Aya, only 10 years old, was hospitalized with severe meningitis. “I have a headache and I can’t see clearly” she says
The first floor pediatric ward, where Aya was admitted, was only recently renovated with the support of PIN. Before construction crews arrived, the first floor was bombed; a skeletal envelope. There were no doors, windows were shattered and hallways were falling apart.
PIN crews installed the windows and doors, repainted the walls and installed new ceramic tiles. They also renovated the room with furniture. The first floor was quickly transformed into a fully functional extension of the hospital below.
It is the only hospital to provide free pediatric care in the area, so its renovation has proven to be a major boon to the local community. The hospital comprises three floors, emerging from the surrounding city like a monolith. Four years ago, the ground floor reopened out of necessity, to provide much-needed healthcare to local residents.
As drug prices rise, public health services need to step up
Drug prices have increased tenfold in Syria since the start of the war, and many hospitals and health centers have never reopened. Aya’s mother explained, “We had to look for a public hospital that offers services for free, otherwise we would have had to go to private hospitals which are very expensive. When my daughter fell ill, I intended to sell all the furniture in my house to go to a private hospital.
On the same floor, Raghib, only five months old, is being treated for pneumonia.
“When a child gets sick, we try to go to one of the free health centers to get medicine. If it requires staying in the hospital, that’s a really big deal,” said her mother Leïla.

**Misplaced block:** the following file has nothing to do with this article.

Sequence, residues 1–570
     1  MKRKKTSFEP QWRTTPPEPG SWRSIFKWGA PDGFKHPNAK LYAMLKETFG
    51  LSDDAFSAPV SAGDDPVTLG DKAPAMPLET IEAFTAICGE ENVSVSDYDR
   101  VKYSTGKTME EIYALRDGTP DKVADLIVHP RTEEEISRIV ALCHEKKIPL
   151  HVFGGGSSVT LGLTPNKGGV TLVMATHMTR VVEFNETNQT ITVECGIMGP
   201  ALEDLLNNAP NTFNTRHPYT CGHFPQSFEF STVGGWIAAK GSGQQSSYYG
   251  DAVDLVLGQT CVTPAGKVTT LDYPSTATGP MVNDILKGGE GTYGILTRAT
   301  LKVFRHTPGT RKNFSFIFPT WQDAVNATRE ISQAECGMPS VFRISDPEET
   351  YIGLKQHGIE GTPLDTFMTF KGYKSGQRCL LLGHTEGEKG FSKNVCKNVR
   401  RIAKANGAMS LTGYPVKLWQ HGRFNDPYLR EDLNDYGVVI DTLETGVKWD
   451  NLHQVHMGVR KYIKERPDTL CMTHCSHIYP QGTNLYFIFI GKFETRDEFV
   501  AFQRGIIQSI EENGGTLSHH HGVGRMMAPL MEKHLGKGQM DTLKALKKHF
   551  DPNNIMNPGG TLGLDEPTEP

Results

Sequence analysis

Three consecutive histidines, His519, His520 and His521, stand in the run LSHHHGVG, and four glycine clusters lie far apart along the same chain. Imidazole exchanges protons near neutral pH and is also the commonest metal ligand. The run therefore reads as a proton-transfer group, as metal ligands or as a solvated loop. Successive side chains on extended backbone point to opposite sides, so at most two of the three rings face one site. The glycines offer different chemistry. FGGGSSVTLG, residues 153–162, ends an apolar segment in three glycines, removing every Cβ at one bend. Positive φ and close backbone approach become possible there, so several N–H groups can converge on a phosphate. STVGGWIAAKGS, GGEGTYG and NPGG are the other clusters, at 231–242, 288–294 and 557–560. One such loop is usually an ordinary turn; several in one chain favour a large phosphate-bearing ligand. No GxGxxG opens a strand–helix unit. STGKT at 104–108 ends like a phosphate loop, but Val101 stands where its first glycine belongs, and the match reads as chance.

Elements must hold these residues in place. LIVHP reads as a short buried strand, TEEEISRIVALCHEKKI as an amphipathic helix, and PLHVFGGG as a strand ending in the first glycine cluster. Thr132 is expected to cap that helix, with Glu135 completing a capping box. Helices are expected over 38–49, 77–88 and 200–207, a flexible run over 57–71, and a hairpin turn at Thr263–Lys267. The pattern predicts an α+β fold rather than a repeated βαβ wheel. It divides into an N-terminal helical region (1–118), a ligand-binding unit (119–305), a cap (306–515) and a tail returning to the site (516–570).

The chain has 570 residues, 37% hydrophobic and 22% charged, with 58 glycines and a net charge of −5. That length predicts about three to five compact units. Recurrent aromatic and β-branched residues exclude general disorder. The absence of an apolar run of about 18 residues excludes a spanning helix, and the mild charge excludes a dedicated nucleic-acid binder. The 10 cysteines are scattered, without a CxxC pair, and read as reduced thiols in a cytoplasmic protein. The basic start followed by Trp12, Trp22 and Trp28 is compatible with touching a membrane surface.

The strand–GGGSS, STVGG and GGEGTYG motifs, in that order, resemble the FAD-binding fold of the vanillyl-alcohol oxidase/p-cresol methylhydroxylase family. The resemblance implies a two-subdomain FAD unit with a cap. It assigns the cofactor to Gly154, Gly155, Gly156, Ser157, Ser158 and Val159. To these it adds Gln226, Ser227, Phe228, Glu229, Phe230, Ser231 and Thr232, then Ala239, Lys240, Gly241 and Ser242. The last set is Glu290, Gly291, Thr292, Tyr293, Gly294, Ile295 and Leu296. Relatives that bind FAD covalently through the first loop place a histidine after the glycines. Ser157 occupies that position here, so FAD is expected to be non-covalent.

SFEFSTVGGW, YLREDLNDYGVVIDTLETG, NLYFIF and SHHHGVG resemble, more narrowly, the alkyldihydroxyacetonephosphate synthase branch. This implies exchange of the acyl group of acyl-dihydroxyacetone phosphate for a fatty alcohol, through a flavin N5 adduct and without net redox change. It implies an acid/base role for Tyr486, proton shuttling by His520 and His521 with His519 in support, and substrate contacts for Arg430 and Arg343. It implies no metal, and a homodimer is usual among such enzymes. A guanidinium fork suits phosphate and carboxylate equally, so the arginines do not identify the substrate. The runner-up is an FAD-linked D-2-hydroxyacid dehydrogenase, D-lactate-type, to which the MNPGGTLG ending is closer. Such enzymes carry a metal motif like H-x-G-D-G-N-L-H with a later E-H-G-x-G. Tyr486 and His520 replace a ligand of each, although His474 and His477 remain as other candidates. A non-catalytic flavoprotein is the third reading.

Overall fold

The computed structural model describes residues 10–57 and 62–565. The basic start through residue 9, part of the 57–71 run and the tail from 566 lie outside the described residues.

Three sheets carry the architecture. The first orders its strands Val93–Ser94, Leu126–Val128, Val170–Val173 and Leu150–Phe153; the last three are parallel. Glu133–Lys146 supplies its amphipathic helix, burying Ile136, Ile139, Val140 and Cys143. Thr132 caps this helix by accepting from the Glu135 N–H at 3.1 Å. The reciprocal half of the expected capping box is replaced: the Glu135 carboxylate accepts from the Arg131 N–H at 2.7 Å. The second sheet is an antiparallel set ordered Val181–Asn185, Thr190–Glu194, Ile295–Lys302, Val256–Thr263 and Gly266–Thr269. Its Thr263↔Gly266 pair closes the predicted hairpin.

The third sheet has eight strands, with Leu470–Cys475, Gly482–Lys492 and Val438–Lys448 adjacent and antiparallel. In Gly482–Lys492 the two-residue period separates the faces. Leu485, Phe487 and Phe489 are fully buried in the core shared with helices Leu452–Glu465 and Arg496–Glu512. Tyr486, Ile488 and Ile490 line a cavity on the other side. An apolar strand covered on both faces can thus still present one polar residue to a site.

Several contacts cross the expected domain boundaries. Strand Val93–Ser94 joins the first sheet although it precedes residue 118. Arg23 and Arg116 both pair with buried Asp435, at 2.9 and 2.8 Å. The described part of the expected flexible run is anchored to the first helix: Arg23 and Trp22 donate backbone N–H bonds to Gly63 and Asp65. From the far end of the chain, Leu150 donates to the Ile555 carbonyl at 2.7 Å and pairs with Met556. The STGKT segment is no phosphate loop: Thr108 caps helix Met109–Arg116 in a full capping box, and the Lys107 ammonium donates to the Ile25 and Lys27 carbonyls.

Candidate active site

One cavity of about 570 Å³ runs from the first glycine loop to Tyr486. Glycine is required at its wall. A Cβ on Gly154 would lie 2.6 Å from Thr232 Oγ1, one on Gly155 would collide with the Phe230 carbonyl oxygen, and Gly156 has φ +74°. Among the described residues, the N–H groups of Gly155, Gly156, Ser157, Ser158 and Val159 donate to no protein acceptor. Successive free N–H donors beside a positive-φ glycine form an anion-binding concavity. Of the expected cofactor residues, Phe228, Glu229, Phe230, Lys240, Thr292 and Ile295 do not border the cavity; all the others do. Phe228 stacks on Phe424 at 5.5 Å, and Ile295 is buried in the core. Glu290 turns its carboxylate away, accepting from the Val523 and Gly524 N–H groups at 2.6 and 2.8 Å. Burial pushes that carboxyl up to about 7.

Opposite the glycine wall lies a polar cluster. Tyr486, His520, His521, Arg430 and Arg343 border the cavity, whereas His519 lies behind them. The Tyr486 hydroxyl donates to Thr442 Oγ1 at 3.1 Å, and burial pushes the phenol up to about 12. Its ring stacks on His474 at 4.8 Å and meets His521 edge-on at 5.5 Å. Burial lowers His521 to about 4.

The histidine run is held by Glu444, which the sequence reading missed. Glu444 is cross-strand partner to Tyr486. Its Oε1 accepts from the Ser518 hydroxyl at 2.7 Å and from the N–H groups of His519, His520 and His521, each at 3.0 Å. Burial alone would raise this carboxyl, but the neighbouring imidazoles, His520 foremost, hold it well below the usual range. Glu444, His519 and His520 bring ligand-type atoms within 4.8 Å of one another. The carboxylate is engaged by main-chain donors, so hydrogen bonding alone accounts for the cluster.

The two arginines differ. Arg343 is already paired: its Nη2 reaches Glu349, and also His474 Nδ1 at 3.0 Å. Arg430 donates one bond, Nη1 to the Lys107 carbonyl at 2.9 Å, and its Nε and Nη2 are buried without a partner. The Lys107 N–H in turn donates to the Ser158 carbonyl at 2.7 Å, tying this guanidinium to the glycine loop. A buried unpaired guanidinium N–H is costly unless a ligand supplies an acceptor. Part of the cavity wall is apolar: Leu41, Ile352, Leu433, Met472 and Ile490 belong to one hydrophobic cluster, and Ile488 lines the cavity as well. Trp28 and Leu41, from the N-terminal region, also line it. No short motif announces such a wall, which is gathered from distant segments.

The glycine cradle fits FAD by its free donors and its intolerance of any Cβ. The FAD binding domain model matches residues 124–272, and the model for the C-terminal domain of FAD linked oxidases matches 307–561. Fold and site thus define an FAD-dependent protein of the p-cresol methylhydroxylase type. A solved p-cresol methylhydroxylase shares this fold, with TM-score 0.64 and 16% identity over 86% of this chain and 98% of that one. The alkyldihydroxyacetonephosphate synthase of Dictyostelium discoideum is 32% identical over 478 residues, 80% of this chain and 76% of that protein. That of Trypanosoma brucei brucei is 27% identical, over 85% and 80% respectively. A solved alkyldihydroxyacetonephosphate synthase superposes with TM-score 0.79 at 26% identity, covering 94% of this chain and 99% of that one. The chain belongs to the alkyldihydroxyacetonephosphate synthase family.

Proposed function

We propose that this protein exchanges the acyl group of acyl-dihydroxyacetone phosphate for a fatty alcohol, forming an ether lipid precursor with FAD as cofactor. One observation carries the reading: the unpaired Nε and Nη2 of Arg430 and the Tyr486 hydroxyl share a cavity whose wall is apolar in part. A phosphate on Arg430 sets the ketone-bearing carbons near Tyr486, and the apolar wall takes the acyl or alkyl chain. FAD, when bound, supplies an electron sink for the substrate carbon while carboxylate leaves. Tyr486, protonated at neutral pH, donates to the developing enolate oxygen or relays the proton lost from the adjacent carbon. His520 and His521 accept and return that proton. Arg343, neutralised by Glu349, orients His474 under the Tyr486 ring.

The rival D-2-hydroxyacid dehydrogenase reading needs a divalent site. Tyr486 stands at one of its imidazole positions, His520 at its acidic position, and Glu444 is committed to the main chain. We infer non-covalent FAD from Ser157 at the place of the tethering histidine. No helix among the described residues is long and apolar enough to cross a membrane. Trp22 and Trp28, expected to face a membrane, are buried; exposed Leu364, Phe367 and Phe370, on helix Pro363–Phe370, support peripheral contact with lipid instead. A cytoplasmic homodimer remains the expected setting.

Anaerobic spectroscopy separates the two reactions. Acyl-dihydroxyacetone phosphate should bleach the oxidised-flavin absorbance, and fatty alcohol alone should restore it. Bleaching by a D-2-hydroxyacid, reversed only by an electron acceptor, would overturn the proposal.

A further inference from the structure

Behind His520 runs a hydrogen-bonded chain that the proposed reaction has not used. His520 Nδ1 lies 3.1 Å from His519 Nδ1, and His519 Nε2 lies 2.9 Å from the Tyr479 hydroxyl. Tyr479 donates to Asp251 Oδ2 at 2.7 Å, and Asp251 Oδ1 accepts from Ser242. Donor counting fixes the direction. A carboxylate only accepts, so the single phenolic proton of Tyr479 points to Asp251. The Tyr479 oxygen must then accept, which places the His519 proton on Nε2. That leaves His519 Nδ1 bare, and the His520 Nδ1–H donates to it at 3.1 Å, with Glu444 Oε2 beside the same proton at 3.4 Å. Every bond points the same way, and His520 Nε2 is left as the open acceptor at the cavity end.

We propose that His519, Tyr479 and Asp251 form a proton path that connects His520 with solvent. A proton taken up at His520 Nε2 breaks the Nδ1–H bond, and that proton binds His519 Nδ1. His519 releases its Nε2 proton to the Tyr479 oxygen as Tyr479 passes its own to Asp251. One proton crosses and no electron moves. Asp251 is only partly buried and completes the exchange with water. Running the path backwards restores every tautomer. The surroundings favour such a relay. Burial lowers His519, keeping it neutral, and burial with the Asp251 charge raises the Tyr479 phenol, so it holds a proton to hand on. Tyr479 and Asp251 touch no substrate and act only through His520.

“The inability of the individual to cover the cost of health services renders them non-existent. It was the same for us when we had no money to go to private hospitals. For example, if this hospital did not provide its services for free, I would not be able to treat my son. All my husband earns per month is not enough for hospital fees and medicine for two days.
Although the hospital provides vital support to the region, its services are overstretched. The staff treats between 100 and 150 children a day, providing them with the drugs they have. However, drug and equipment shortages mean doctors sometimes have to resort to less effective alternatives.
In the most serious cases, such as Aya and Raghib, children will be admitted to pediatrics as soon as a bed becomes available. At times like these, timing is everything. But, a nurse at the hospital said: “In critical cases, there are golden minutes, and the response must be very quick to save the patient’s life.”
Providing timely medical care is essential, but it’s a challenge when the hospital has so many people to help. “People come from all over the city and the countryside, but the population is very large”, says But.
The renovated hospitalThe ward is currently equipped to accommodate 10 children, but within the next six months PIN hopes to equip all available rooms to provide medical care at the ward’s maximum capacity of 34 children.